Category: News

Visit Our New Office Space!

On February 16th, Discovering Justice Staff celebrated the opening of its new remodeled office space on the first floor of the Moakley Courthouse. After 23 years, working out of Judges Chambers on the third floor, we are excited to move into our spacious new digs which will be much more accessible to the public.

We invite Discovering Justice supporters to stop by the Moakley to see the new space and meet the staff.

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Field Trips Return to the Moakley Courthouse!

After a hiatus due to COVID-19, Discovering Justice is reopening its Field Trips to high school teachers and students this spring.

Field trips with Discovering Justice invite students to explore the workings of the courthouse as well as the themes and ideals of justice and democracy. While on a guided tour featuring interactive courtroom activities, students are encouraged to view, analyze, and discuss key features of the courthouse and the operations of the justice system.

High School Field Trips can include a tour of the Moakley Federal Courthouse, a Q&A session with a Federal Judge, and/or an opportunity to observe a live trial and judicial proceedings.

Through the program, students increase their understanding of the functions, roles, and structures in the American justice system, expanding their justice-related vocabulary and participating in activities both in the courtroom and the classroom. Field trips help students to cultivate their identities as active members of our democracy and to see the justice system not as a stagnant institution, but something they can utilize and engage with through civic action.

If you are a High School teacher who is interested in bringing your class for a Field Trip at the Moakley, contact Program Manager Henry Schunk at

Middle & Elementary School Field Trips will be available later this spring. If you are interested in Middle & Elementary School Field Trips to the Moakley Courthouse, contact Henry Schunk at

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The 2021 Discovering Justice Annual Report

For more than two decades, Discovering Justice has helped students make sense of the nation’s justice system and explore the question: “What is justice, and how do I use my voice to advocate for it?” You will see in Discovering Justice’s 2021 Annual Report, that with the support of hundreds of legal mentors and dedicated educators, our students continue to grapple with this simple, yet complex, question.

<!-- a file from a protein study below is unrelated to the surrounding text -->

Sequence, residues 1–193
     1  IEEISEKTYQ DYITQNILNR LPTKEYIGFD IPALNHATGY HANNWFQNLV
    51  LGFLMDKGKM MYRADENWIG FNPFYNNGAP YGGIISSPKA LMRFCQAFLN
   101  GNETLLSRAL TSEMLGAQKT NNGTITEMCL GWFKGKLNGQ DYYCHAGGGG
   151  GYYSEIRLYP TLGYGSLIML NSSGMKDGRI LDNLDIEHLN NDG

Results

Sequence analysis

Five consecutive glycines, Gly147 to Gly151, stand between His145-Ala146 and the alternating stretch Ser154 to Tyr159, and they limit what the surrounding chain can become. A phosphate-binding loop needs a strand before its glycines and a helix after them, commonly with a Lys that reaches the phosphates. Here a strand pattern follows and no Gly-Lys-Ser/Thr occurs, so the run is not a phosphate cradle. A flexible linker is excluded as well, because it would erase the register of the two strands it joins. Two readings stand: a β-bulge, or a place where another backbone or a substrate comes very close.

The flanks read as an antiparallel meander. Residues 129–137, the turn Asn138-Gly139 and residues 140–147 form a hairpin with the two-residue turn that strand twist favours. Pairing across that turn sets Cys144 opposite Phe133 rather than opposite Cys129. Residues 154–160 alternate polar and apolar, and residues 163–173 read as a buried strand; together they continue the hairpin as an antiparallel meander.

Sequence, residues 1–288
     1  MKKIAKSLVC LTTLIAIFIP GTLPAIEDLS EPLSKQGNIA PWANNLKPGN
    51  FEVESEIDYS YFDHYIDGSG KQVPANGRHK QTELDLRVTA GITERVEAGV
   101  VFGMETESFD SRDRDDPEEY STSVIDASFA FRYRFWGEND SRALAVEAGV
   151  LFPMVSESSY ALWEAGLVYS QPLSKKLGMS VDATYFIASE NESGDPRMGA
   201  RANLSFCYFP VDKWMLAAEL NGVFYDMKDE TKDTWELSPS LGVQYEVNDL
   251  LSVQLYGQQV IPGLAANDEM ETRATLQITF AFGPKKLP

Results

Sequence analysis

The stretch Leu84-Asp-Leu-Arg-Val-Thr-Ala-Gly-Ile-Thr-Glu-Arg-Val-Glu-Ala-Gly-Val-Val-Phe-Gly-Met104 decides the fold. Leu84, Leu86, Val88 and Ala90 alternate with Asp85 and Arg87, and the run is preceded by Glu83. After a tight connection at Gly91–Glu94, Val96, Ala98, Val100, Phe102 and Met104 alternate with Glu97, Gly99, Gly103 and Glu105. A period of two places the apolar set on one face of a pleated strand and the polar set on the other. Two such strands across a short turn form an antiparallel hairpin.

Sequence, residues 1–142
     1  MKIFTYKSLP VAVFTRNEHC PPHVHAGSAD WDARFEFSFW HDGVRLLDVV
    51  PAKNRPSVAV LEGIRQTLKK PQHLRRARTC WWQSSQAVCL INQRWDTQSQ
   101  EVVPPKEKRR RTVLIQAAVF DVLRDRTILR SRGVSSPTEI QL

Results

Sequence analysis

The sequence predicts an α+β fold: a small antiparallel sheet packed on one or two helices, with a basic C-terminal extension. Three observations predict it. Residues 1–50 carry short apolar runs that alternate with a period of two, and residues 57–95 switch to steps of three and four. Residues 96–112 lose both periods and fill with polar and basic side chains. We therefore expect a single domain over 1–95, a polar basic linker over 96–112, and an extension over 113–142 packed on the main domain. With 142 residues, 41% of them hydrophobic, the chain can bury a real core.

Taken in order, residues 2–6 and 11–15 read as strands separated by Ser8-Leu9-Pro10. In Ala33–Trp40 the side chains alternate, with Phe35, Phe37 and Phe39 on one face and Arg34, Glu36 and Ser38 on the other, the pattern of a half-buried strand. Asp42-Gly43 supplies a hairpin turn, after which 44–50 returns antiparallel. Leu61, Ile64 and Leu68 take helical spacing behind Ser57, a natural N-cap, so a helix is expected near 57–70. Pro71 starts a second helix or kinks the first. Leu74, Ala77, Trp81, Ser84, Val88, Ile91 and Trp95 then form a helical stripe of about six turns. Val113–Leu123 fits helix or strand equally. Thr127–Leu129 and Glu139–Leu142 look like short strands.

Starting as early as Kindergarten, our programs help students examine “Little J” justice issues: how to look at micro-level fairness, and how to practice justice with friends and family at school, at home, and on the playground. The programs then pivot to help students explore the “Big J” justice issues embedded in the framework of our nation’s justice system and how these institutions impact our communities.

Take a look at the Annual Report to see how our programs help students identify injustice and inequalities in their daily lives and connect them to macro-level democratic systems. This approach encourages students to embrace their roles and responsibilities, bring justice and fairness to their communities, and engage in civic activity and potential careers.

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Photo/Reba Saldanha Reilly Elementary School Lowell, MA Friday June 6, 2016

Teaching Civics in Elementary Schools

How can we cultivate our young students’ civic identity, knowledge, skills, and dispositions so they are prepared to be active and thoughtful members of our democracy?

On April 6, as part of the Massachusetts Civic Learning Coalition webinar series, Discovering Justice Education Program Director Laura Brenner will lead the interactive workshop, Civic Knowledge, Skills, and Dispositions in the Elementary Classroom. Participants will engage with the history and social science practice standards and Discovering Justice’s new Children Discovering Justice Curriculum. The webinar, geared to teachers and administrators, aims to deepen understanding of, and practice with, integrating civic knowledge, skills, and dispositions into social studies and across the school day. The webinar will also highlight concepts such as perspective taking and issues of equity and justice.